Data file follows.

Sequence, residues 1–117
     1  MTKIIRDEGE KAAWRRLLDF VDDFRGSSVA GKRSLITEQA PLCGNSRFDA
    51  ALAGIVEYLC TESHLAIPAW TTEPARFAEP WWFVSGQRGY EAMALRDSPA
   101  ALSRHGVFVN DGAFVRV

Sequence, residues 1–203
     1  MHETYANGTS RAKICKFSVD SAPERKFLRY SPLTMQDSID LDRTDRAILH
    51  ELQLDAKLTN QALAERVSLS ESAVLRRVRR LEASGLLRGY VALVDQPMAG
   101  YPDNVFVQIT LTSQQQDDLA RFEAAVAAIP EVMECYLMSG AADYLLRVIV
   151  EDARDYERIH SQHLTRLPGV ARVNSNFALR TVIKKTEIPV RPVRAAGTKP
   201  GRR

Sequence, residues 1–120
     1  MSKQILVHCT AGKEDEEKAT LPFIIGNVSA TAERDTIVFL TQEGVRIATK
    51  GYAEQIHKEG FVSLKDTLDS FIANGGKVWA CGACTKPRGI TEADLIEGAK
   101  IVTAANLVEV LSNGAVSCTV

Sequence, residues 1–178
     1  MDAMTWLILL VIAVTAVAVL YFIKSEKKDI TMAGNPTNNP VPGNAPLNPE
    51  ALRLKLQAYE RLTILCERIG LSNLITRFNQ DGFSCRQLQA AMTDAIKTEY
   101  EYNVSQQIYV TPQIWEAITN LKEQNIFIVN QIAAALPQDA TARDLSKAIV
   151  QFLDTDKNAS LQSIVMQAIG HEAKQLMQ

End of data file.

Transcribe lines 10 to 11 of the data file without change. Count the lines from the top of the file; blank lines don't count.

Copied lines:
   201  GRR

Sequence, residues 1–120